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Questioning the spatial boundaries in suburban residential sites in Ankara: the case of Koru neighborhood

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2020
Bilir, Zeliha Irmak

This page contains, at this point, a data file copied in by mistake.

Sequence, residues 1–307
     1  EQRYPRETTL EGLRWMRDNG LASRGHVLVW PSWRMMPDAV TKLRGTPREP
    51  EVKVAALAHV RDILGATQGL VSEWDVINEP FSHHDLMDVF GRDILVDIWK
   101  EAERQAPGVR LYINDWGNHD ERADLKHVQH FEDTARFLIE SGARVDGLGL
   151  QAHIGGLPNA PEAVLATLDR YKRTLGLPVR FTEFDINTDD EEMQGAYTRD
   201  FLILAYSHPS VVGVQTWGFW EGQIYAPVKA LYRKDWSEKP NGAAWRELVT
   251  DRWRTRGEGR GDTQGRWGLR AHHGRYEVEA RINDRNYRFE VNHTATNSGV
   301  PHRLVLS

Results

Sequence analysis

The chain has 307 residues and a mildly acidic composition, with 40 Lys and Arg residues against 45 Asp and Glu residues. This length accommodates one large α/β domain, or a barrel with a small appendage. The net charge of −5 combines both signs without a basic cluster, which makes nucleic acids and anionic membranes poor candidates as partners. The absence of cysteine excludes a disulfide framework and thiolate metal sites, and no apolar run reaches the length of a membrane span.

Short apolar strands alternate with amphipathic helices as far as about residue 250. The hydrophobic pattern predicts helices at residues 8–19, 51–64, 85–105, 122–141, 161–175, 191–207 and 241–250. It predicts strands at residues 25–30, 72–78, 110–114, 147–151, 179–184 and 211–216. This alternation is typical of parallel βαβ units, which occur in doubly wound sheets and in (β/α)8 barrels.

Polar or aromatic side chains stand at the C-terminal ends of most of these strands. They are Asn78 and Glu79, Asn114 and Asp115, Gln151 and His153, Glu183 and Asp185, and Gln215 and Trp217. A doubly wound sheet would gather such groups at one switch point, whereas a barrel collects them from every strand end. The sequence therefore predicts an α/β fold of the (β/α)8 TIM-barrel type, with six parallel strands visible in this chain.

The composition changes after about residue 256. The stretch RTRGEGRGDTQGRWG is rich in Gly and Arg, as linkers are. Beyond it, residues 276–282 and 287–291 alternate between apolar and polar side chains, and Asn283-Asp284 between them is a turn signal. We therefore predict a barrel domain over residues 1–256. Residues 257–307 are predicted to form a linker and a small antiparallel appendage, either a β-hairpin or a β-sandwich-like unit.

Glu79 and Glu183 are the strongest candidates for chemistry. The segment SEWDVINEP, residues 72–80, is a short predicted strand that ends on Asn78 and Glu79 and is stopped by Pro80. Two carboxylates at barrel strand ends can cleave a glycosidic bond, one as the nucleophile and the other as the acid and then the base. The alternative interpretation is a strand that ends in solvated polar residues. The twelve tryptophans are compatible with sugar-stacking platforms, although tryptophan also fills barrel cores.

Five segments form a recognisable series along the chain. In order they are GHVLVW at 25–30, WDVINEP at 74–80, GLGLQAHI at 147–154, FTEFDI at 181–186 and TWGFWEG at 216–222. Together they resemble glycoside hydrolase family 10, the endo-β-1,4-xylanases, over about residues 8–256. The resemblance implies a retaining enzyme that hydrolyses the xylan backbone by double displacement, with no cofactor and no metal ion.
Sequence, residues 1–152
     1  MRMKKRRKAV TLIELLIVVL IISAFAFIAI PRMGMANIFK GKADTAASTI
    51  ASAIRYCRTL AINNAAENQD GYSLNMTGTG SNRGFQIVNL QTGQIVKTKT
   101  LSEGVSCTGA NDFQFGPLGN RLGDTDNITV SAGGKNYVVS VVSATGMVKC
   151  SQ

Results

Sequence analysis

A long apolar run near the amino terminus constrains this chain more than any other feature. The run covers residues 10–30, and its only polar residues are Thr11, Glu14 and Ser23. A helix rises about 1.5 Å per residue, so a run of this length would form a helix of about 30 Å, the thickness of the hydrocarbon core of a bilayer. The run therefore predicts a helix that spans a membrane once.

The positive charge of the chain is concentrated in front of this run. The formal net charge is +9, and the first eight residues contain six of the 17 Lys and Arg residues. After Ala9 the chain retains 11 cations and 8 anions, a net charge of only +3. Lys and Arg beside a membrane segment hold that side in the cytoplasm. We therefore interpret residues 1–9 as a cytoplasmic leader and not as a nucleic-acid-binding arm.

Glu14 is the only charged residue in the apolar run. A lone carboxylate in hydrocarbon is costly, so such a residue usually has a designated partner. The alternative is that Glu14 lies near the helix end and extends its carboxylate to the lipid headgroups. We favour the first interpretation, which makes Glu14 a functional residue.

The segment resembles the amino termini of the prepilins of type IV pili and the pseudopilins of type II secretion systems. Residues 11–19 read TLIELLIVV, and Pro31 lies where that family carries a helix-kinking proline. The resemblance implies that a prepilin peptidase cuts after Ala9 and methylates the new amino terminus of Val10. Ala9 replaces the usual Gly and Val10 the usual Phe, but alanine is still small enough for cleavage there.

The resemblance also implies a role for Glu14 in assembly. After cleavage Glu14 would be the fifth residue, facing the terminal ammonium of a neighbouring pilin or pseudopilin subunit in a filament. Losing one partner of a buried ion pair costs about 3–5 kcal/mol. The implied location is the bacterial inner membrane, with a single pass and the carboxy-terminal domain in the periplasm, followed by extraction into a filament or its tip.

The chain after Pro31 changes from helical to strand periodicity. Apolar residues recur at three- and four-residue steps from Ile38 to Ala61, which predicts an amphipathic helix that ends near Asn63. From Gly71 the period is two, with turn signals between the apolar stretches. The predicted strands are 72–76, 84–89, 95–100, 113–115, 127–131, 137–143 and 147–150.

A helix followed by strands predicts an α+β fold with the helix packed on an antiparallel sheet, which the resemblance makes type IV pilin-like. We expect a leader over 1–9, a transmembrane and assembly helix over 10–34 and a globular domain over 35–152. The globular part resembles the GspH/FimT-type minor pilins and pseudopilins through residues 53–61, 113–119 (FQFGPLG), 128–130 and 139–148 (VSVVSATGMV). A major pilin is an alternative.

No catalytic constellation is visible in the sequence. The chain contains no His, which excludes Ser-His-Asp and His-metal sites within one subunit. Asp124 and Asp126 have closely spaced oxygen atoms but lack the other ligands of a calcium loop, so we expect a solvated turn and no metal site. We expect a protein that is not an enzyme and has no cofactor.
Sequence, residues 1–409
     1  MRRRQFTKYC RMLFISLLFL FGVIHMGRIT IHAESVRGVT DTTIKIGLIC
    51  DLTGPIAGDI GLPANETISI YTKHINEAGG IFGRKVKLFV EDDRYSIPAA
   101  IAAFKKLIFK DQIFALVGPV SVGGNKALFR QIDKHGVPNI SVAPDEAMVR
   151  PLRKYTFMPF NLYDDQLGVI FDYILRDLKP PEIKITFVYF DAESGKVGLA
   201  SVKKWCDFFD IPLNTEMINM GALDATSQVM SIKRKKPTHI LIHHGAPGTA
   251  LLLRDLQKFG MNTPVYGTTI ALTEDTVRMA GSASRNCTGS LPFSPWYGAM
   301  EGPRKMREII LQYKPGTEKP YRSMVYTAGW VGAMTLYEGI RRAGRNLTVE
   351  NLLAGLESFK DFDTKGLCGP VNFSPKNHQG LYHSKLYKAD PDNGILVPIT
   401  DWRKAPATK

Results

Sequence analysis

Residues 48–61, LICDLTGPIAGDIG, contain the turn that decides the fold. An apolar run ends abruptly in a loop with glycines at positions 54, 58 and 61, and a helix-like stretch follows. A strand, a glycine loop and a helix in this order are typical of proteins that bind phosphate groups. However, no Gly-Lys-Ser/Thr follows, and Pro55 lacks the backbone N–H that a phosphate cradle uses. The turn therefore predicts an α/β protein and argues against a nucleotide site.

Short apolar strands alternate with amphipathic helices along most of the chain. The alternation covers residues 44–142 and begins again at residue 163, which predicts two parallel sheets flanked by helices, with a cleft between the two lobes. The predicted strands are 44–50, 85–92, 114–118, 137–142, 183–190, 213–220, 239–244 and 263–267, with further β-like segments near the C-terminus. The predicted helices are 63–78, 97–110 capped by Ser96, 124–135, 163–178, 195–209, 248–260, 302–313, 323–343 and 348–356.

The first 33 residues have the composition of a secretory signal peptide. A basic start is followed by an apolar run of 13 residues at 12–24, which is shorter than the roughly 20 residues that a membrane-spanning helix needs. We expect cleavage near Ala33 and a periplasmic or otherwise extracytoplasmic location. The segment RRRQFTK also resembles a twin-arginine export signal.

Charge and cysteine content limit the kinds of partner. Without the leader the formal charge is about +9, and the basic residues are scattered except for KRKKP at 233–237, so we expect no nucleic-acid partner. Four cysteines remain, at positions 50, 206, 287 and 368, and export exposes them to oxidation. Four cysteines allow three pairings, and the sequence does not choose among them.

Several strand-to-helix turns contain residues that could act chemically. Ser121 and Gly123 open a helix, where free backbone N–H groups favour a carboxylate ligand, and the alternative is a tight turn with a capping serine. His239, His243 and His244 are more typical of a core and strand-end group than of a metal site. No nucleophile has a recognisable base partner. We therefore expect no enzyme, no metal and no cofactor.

As in many other professional disciplines, ‘spatial boundaries’ has been one of the current critically important research topics in the field of urban design. With the fast increase in population, urban areas which have rapidly sprawled, have brought increasingly our attention towards the importance of spatial boundaries in cities. Especially residential site borders have recently become a basic research topic since they have started to become more and more dominant urban design elements in urban areas. 'Spatial boundaries' perform various important functions. However, in urban areas, it has become more and more ambiguous how far spatial borders (for example, as the borders of residential sites) successfully and effectively fulfill these functions. Being located at the intersection of public and private spheres, and functioning to restrict visual and physical permeability, they affect the quality of urban areas. The major assumptions of this thesis lie on the residential border’s inability to fulfill their functions and their negative impact on being visually and physically impermeable. The assumptions of this research are tested in a prominent middleclass suburb in Ankara, the capital city of Turkey, through the direct observation, documenting and mapping of spatial boundaries of the 52 residential sites in Koru Neighborhood. This research examines the height, material, and visual and physical vi permeabilities of residential site boundaries, and maps them through color codes in order to understand their effects on urban areas. The research findings reveal that the spatial boundaries partly fulfill the functions of safety and security, giving identity, providing privacy, dualism, determining psychosocial behavior, dividing and providing order functions, and features in this neighborhood. It studies the visual and physical permeability level of residential site borders under the urban design principles, and the research findings reveal that impermeable borders negatively affect character, continuity, ease of movement, and access to green areas actively and passively. To convert these negative effects to positive ones, and to benefit from advantages of permeable borders that are rarely utilized, this thesis suggests that the boundaries, which are impossible to vanish, should be low, visually permeable or semi-permeable, especially in highrise apartment building’s sites. It also proposes that the spatial borders should be physically permeable or semi-permeable for pedestrians, and be made of evergreen plant material. If this is not desired by users, this research suggests that, at least, evergreen plant material should be used as spatial boundaries to support public health by letting people access green passively.